Confronting Our Fears

In the previous blog post, I wrote about The Account of the 12 Spies. I believe that the people were excited at the thought of moving forward; but before they did, they had to address some critical things.  One of these things was their fear.

All transitions are not easy.  When we come to a crossroad, having made our plans, and having done our preparation, we look forward to all the positive things related to the planned change.  Similarly, seeing the fruit of the land (Numbers 13:26, 27), and with the positive account, the congregation must have felt excited and motivated.  But what transpired after confused the whole congregation.

In Numbers 13:28 there was a change, a shift in the thinking, and a reduction in the confidence level.  The obstacles (‘the people be strong that dwell in the land, and the cities are walled, and very great:’ Numbers 13:28) were identified and placed before the congregation.

During changes, though we have a positive vision of what could be, we are also faced with the real possibilities that what we hope for may not becoming a reality.  During these times, with the threat of failure looming, the thought could arise, what if the critics are right?  What if I don’t make it?  This can be a turning point depending on how we deal with such questions and doubts.

As we embark on change, there are generally thing(s) that we did not plan for and did not consider; and how we address these uncertainties is a critical point that can determine if we retreat in fear or move forward in faith.

I have looked at the saying ‘ride and whistle’ to explore some practical ways of how to address this phase – this turning point.  Whistling can represent the process of getting all the facts – good and bad – favorable and unfavorable.  So the noises (including the negative facts) in the environment could cause us to retreat in fear.  But thankfully it does not have to be that way.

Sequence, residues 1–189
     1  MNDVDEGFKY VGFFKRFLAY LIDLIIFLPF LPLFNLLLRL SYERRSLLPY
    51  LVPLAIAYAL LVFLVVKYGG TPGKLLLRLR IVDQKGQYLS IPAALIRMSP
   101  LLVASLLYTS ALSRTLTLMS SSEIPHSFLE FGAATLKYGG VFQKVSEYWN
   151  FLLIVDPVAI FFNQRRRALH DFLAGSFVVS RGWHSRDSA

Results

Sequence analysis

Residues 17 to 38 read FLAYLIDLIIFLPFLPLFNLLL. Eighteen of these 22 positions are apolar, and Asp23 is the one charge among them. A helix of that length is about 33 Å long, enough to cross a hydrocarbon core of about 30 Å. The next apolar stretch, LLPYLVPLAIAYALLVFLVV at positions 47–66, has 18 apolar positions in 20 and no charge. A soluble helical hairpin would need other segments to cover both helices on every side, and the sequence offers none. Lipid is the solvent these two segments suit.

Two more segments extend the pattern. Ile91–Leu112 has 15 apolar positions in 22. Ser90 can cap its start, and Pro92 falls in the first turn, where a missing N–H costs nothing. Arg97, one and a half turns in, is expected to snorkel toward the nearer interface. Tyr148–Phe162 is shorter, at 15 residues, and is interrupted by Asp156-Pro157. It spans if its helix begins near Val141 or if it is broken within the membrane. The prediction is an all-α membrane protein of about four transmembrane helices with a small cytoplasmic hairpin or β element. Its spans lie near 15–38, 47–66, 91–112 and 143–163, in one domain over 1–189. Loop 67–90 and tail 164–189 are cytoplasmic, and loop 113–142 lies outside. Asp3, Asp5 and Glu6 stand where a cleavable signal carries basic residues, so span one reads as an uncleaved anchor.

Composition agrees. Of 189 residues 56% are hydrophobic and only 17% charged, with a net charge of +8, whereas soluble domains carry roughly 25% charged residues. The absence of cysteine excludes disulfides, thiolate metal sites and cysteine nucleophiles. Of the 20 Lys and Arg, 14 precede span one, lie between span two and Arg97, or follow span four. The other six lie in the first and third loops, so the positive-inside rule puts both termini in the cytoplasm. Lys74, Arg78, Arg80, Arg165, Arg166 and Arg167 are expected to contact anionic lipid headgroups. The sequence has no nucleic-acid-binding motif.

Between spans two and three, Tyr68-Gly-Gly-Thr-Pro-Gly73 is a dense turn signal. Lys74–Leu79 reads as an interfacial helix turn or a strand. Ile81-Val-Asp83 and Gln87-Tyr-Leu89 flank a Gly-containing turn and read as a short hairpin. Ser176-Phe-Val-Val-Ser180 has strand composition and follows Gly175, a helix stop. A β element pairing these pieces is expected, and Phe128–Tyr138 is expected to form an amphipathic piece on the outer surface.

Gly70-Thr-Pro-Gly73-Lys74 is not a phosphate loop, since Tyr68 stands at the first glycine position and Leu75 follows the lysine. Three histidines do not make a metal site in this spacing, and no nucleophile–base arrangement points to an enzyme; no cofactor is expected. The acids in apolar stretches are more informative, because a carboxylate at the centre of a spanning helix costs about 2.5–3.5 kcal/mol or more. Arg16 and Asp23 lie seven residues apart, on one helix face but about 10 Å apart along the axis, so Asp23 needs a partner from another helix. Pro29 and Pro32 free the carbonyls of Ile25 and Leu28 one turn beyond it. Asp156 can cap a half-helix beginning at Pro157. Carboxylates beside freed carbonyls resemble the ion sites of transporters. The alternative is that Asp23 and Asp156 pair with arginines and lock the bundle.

Instead of thinking ‘what if they are right?’ and we will not make it, we can think, what if they are wrong?  Of course this does not mean that we go ahead carelessly without consideration for the dangers.  But instead at these junctures, we can ask the Holy Spirit to infuse us with the voice of reason and we can ask the Holy Spirit to still our fearful minds and help us to use our energy and time constructively – really asking God to help us to do all that can be done to make the transition as smooth as possible.

Knowing the potential issues before hand reveals the challenges that we need to be aware of, so that the mitigating plans can be put in place; but they should not be a reason just to pack up and not even try at all.  Romans 10:17 tells us that faith comes by hearing, so to overcome fear, we need to soak and immerse our minds in the Word of God. So with God our fears can be changed to faith that looks to God to help us through.  So we can feed on God’s Word and be reminded that God has told us that He will never leave us, nor forsake us (Hebrews 13:5). 

Then our response would not be based on presumptuous actions, but instead on seeking to move forward for God in whatever sphere of life we may be.  This brings us to another obstacle that we will need to overcome to ensure that our faith in God grows; and that obstacle is how we see the world around us – the focus of the next blog post (Inflated Account of the External).

(Please note that Scripture quotations are from the King James Version.  Public domain.)

Be Blessed.

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